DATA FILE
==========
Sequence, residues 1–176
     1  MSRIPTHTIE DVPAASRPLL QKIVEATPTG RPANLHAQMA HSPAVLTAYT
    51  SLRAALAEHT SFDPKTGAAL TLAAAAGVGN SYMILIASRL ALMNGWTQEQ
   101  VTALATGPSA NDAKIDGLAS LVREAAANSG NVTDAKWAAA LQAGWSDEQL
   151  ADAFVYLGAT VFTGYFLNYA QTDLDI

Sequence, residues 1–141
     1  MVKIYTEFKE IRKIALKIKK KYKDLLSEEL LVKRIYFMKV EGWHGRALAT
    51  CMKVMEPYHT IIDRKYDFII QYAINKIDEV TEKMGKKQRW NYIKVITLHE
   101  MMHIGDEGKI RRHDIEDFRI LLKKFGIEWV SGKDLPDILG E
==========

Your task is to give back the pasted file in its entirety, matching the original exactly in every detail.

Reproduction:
Sequence, residues 1–176
     1  MSRIPTHTIE DVPAASRPLL QKIVEATPTG RPANLHAQMA HSPAVLTAYT
    51  SLRAALAEHT SFDPKTGAAL TLAAAAGVGN SYMILIASRL ALMNGWTQEQ
   101  VTALATGPSA NDAKIDGLAS LVREAAANSG NVTDAKWAAA LQAGWSDEQL
   151  ADAFVYLGAT VFTGYFLNYA QTDLDI

Sequence, residues 1–141
     1  MVKIYTEFKE IRKIALKIKK KYKDLLSEEL LVKRIYFMKV EGWHGRALAT
    51  CMKVMEPYHT IIDRKYDFII QYAINKIDEV TEKMGKKQRW NYIKVITLHE
   101  MMHIGDEGKI RRHDIEDFRI LLKKFGIEWV SGKDLPDILG E